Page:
NetWellness is a global, community service providing quality, unbiased health information from our partner university faculty. NetWellness is commercial-free and does not accept advertising.
Saturday, May 23, 2015
Awful taste in mouth always
I have a awful taste in my mouth always (bad breath) I can brush my teeth and use mouthwash and it`s still there. Went to the dentist and said my teeth and gums look healthy. I`m very tired and I get swallon glands alot. I was hoping to fnd an answer to this problem, when I drink water it helps alittle for the dry mouth, but if I drink anything else my breath is really bad. I work with the public so this is a real problem..tryed parsley, aloe, taking B-12 and have even tryed rinsing my mouth with salt water. no luck
In response to your question on oral malodor or bad breath/halitosis, your problem is not unusual. The prevalence of this condition effects approximately 2.5% of the adult population (Loesche et al 2000).
I am more concerned with your other symptoms of "being tired and swollen glands". I would suggest you see your primary care physician to further evaluate these complaints.
Currently the general consensus of the ADA and other head and neck practitioners involves the elimination of bacteria, food and blood/saliva/mucous/desquaminated epithelial cells from the oral cavity, especially the tongue (Biofilm removal). Mechanical debridement seems to be the most effective method in conjunction with the use of antimicrobial mouthwashes, such as Chlorhexidine or Cetylpyridinium Chloride.
Good oral hygiene especially before bedtime seems to be associated with decrease in VSCs and VOCs and intraoral bacterial counts, and results in elimination of oral malodor.
Bad breath is a very common problem and approximately 85% of the cases are due to the generation of "Volatile Sulfur Compounds (VSCs) and /or Volatile Organic Compounds (VOCs)" by bacteria that populate the oral cavity. The other 15% of oral malodors may be caused by systemic diseases:
- Liver, renal and pulmonary disease
- Nasal infection and/or nasal sinus pathology (Rhinitis, post nasal drip).
The major sites in the oral cavity that have been implicated in the etiology of bad breath include:
- the dorsum of the tongue
- posterior aspect of the tongue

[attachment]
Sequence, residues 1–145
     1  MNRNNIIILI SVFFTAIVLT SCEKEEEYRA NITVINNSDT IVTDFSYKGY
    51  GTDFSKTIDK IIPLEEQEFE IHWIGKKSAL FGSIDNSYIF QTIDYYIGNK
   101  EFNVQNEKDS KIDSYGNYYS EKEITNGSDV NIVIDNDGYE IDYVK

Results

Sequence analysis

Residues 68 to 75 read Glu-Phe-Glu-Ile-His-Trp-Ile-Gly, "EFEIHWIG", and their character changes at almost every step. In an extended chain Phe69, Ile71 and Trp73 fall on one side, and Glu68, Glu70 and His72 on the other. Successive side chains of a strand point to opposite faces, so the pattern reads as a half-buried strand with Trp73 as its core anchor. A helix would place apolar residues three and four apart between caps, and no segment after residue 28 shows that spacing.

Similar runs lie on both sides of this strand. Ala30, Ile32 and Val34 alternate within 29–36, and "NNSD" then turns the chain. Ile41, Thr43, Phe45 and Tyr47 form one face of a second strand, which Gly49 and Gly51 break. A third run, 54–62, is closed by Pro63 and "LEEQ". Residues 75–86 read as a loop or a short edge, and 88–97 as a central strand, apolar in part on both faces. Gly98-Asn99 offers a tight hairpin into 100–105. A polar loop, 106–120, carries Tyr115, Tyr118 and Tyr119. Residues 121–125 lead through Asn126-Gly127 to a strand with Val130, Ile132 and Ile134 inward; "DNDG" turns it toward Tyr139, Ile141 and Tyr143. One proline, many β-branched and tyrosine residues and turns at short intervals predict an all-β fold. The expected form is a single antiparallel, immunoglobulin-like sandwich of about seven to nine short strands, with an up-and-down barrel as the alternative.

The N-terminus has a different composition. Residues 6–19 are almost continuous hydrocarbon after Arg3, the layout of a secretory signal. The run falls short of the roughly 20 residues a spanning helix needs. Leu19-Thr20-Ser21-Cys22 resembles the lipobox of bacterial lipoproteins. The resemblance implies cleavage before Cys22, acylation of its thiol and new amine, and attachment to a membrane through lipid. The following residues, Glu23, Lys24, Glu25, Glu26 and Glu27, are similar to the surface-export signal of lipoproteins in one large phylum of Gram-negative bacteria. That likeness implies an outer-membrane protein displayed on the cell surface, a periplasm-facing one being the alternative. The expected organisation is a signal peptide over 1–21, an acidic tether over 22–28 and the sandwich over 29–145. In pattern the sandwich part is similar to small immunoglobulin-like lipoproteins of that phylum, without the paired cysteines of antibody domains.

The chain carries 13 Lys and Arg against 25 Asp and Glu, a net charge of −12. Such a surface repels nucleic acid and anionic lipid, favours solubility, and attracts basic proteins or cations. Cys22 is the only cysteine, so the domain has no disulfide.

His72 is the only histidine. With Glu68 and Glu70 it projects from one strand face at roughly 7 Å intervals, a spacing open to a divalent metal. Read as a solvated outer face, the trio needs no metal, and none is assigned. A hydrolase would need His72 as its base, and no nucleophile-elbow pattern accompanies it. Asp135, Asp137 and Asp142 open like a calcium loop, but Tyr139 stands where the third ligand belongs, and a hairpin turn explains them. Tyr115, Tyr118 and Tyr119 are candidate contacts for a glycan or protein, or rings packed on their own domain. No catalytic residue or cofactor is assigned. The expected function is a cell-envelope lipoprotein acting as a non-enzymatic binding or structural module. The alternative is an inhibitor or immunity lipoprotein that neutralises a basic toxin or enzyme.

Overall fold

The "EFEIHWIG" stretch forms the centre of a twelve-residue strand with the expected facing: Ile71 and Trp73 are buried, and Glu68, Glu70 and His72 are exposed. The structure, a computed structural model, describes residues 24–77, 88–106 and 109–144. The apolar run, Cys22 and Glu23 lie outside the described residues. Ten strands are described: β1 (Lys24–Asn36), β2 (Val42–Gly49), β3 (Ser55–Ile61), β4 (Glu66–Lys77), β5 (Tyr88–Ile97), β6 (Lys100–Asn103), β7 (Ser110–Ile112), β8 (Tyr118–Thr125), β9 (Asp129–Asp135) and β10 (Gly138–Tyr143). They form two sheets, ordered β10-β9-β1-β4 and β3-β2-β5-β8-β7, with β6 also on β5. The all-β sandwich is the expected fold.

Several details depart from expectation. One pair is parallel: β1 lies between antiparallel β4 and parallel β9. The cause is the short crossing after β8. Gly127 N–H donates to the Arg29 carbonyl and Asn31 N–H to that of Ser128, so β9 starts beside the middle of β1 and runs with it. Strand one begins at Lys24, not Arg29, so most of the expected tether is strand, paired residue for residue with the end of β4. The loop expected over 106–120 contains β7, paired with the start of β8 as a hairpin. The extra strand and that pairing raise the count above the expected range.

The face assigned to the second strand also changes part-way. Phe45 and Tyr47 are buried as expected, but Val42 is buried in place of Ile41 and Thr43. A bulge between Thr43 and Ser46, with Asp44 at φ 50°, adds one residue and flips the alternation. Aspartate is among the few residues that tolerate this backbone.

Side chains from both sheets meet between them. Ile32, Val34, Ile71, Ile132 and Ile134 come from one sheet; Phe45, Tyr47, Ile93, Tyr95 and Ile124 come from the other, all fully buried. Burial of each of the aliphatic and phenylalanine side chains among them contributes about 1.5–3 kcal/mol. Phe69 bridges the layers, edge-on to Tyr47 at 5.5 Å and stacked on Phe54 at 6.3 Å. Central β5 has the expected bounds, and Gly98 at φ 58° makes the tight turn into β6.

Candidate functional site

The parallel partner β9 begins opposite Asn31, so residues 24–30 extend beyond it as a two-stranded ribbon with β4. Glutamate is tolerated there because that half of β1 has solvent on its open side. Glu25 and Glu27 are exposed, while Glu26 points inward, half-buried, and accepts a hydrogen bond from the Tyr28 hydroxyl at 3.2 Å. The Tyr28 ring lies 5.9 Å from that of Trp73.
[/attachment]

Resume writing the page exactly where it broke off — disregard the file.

- and periodontal sulcus and interdental regions (between the teeth where food and bacteria can become lodged).
The tongue provides a great place for bacteria to populate and for the production of both VSCs and VOCs to occur. Dentures are also a great source for bad breath to occur, as the denture base acts as a scaffold for bacteria and nutrient sources to adhere.
VSCs (Volatile Sulfur Compounds) include such molecules as:
- Hydrogen sulfite
- and Dimethyl sulfide.
They are produced by bacteria that populate the oral cavity. The resultant VSC's are the end product of metabolism of sulfur containing peptides and proteins that are in the mouth.
VOCs (Volatile Organic Compounds) include compounds such as:
- and urea and other nitrogenous byproducts associated with putrification of proteins.
Bacteria generally involved with the problem include gram negative anaerobes such as T. denticola, B. forsythus, P. gingivalis, F. nucleatum just to mention a few. These are also periopathogens (associated with the development and progression of periodontal disease) and have been isolated from both the tongue and periodontal sulcus in patients with documented bad breath (elevated VSC levels and Rosenberg scale levels).
Malodor is also associated with salivary flow - low flow results in increased malodor. This is one reason that most individuals awake with "morning breath," as salivary flow decreases during sleep. Dehydration is also associated with bad breath, as a result of diminished salivary flow secondary to fluid restriction.
Diagnosis and treatment: There are methods currently available for quantitating VSC levels. One such device is the "Halimeter" that measures sulfide levels. Another is the Zinc oxide sensor that measures halitosis directly within the oral cavity. Other methods include:
- indirect assays that speciate and quantitate bacteria within the mouth by culture
- and colorimetric analysis of VSCs by benzoyl-dl-arginine-a-naphthylamide or BANA that changes color in contact with VSCs.
Still the "gold standard" is direct unbiased multiple observer smelling of the patient's mouth. Treatment as you have found can run the whole gamut of OTC and web-sale products.
Richard J Jurevic, DDS, PhD
Formerly, Assistant Professor of Biological Sciences
School of Dental Medicine
Case Western Reserve University